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Drone operators disturbing wildlife incur fines and jail time in Scotland

Freedom for 5 moon bears held captive for 21 years on a bile farm

August 31, 2018 by  
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This Monday, non-profit group Animals Asia saved five moon bears that had been captive for more than two decades on a farm in Vietnam . The animals were held for 21 years, receiving regular bile extractions until their rescue from the southern town of My Tho, according to the group. The NGO transported the “freedom five” 1,050 miles by truck over the course of the week to Vietnam’s Tam Dao National Park. They were eagerly awaited at the Vietnam Bear Rescue Centre , an expansive and lush sanctuary dedicated to the animals’ conservation since 2006. The #FiveAlive bears have been given names for the very first time in their lives. LeBON, Kim, Mai, Star and Mekong were treated for injuries such as abdominal penetrations as well as dental decay from malnutrition and biting the cages in attempts to free themselves. Related: Montana judge to rule on first grizzly bear hunt in 40 years “We know that in more than 20 years of cruel incarceration, LeBON, Star, Mai, Mekong and Kim have never had proper nutrition or medical care,” Animals Asia Vietnam Director Tuan Bendixsen said. “They have known only rusty cages and a life of suffering. They were viewed as commodities and not treated as individuals. At the Vietnam Bear Rescue Centre, they will finally experience freedom, play in grassy enclosures, forage for food and have the chance to behave like real bears.” The moon bear, also referred to as the Asiatic Black Bear, as well as sun bears and brown bears are often captured by bile farms who sell the compounds in the practice of traditional medicine. The bears are listed as vulnerable in the IUCN Red List and endangered by the  CITES list . The global nonprofit Animals Asia was founded by Jill Robinson MBE and is celebrating its 20 year anniversary this month. Since then, Robinson, a medical veterinarian who is recognized as the world’s leading authority on the cruel bear bile industry, has been devoted to ending the longstanding eastern tradition of bile farming. “We eagerly await LeBON, Kim, Mekong, Star and Mai’s arrival at their new home at Animals Asia’s Vietnam Bear Rescue Centre,” Robinson announced shortly before their arrival. “They will never suffer behind bars again. This is an important step in our work to remove all of the bears who remain on farms in Vietnam from their cages and bring them to sanctuary . It is a new day for these innocent bears who will now finally enjoy some of the freedoms they were denied so long ago.” Related: Polar bears could go extinct sooner than scientists previously thought The Vietnamese government has been compliant with the NGO’s efforts, even signing a groundbreaking memorandum in 2017 agreeing to the removal and relocation of approximately 800 bears from bile farms to sanctuaries such as the Vietnam Bear Rescue Centre. Social media support of the #FiveAlive mission has been pouring in with growing encouragement to donate to the bears’ care for the remainder of their — now free — lives. + Animals Asia Images via Animals Asia

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Freedom for 5 moon bears held captive for 21 years on a bile farm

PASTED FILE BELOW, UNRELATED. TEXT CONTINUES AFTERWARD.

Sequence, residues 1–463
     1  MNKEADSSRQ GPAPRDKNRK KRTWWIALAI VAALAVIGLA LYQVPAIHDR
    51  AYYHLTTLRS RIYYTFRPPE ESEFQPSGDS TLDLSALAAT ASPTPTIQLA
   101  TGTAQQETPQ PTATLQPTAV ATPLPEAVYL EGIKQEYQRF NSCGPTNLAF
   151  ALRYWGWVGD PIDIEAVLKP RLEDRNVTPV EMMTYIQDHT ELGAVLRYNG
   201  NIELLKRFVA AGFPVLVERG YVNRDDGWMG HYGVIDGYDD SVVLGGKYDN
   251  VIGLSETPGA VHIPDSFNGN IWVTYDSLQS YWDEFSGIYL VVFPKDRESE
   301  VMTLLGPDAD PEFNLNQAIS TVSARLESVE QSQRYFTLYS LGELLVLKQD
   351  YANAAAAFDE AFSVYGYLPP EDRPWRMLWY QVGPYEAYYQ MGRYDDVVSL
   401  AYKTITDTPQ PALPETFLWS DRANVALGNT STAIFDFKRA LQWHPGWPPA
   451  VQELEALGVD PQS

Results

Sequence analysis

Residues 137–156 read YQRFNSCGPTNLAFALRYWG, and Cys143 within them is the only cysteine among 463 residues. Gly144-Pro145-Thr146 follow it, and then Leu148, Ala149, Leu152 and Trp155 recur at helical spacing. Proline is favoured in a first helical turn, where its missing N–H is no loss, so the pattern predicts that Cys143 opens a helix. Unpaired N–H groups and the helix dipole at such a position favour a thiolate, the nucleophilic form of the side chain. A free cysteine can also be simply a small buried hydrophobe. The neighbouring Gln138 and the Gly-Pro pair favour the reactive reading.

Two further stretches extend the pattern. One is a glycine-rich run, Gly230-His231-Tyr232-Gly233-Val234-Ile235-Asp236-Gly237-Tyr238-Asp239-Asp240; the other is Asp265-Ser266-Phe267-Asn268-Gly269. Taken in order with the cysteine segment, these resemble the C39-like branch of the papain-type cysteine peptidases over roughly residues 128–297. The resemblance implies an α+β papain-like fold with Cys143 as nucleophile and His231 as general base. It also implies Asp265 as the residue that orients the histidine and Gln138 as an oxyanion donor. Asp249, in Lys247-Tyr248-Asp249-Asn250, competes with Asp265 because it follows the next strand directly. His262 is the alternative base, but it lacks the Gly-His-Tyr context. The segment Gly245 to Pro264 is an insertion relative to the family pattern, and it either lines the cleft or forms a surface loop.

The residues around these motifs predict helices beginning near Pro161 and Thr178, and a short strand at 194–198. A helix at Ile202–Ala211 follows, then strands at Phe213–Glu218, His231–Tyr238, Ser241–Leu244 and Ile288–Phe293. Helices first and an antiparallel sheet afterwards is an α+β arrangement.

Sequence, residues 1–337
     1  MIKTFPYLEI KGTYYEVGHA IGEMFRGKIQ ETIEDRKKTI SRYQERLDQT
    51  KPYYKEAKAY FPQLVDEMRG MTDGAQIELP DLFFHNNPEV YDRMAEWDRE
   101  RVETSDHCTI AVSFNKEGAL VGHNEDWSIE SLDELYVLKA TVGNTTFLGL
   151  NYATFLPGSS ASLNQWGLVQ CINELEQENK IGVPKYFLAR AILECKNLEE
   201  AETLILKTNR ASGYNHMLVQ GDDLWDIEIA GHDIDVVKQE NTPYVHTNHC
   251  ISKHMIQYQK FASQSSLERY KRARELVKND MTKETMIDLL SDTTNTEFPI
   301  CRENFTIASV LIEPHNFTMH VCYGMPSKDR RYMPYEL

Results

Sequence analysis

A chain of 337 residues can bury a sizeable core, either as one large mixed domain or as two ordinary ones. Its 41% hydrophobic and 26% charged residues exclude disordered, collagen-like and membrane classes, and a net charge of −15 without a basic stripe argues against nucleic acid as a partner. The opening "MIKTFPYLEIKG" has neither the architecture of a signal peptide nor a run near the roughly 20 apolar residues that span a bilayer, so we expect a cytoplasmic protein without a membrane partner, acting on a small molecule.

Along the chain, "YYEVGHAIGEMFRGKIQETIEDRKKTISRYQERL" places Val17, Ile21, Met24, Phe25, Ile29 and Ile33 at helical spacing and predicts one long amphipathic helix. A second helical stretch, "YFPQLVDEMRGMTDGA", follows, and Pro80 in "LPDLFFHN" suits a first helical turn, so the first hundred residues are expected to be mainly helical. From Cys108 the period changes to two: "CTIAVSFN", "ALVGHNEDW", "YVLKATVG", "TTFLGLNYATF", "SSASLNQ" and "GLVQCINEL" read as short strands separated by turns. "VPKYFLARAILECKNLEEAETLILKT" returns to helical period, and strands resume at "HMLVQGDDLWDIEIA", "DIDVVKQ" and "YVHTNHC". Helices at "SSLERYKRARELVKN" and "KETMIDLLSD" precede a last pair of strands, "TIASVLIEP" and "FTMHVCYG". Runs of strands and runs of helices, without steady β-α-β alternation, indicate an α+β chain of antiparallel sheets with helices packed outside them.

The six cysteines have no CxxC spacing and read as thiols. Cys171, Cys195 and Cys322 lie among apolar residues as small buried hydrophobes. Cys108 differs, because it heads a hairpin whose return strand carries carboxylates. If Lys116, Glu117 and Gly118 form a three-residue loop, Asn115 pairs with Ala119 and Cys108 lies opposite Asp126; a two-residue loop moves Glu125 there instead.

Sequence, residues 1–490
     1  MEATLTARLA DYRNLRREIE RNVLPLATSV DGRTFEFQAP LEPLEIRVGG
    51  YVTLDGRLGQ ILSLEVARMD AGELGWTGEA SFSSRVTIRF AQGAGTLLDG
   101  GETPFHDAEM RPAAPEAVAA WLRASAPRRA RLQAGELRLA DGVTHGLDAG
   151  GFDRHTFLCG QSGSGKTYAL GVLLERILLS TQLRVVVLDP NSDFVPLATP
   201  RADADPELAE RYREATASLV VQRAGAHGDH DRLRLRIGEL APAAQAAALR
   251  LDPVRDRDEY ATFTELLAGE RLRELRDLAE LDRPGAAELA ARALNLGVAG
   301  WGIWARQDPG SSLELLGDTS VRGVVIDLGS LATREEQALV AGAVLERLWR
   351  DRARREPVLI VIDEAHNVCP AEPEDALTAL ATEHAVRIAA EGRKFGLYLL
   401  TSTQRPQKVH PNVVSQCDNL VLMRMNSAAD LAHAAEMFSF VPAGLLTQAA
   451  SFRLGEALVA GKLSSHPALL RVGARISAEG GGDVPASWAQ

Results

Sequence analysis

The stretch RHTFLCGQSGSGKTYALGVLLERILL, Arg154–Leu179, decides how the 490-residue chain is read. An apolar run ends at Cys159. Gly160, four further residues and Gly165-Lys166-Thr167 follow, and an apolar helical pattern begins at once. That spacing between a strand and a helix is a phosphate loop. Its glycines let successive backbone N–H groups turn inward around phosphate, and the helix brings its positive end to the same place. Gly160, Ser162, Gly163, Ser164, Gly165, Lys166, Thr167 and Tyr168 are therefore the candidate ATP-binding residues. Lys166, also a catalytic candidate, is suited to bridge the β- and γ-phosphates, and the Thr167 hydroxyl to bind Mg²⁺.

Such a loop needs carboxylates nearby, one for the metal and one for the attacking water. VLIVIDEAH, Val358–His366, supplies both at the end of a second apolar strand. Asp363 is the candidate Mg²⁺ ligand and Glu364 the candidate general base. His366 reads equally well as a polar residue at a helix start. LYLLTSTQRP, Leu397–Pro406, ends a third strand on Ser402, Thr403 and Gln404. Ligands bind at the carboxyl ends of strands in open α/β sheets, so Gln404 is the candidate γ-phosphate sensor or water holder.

Now Available: 6-Pack Rings Touted as Eco-Friendly & Safer for Wildlife

August 28, 2018 by  
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The folks who’ve been working to design an eco-friendly alternative … The post Now Available: 6-Pack Rings Touted as Eco-Friendly & Safer for Wildlife appeared first on Earth911.com.

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Astounding responsive map shows shark interactions with commercial fishers

July 24, 2018 by  
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Just in time for the 30th Anniversary of Discovery Channel’s popular Shark Week, a new map shows the interaction of 45 sharks  with commercial fishing vessels. The interactive map, featuring over 150,000 miles of chartered shark territory and movement in the Northwest Atlantic Ocean, seeks to shed light on the perilous environment in which the sharks maneuver on a daily basis and the approximate 100 million sharks killed each year. Austin Gallagher, CEO and chief scientist of Beneath the Waves and a project leader on the maps, said , “Many species of large sharks remain highly vulnerable throughout our oceans , and the integration provided here highlights the magnitude of the threats they face.” Shark expert at the University of Miami Rosenstiel School of Marine and Atmospheric Science and project collaborator Neil Hammerschlag explained that sharks are “highly mobile,” as demonstrated in the charted data published on the Global Fishing Watch , a non-profit organization launched by Oceana in collaboration with Google and Skytruth. Related: Endangered shark fins discovered on a Singapore Airlines flight to Hong Kong The sharks must navigate around fishing vessels,  creating a wide variety of potentially dangerous interactions. Hammerschlag said, “Many fishing gear types can put these sharks at risk , as both target and bycatch — especially in the international waters of the high seas where no catch limits exist for many shark species.” Many sharks are caught by accident, but they are also subject to targeted hunting for their fins. While the map currently displays recorded data of sharks tagged between 2012 and 2018, Oceana hopes to create a real-time interactive map that includes various shark species including blue sharks, great hammerheads and tiger sharks. Lacey Malarky, an Oceana analyst focused on illegal fishing and seafood fraud, said, “We’re hoping to expand and collaborate with more researchers to not only get more shark data but then other marine wildlife data as well, so that we can really create this interactive map platform that shows all types of marine wildlife and how they’re interacting with fishing vessels.” + Oceana + Beneath the Waves Via EcoWatch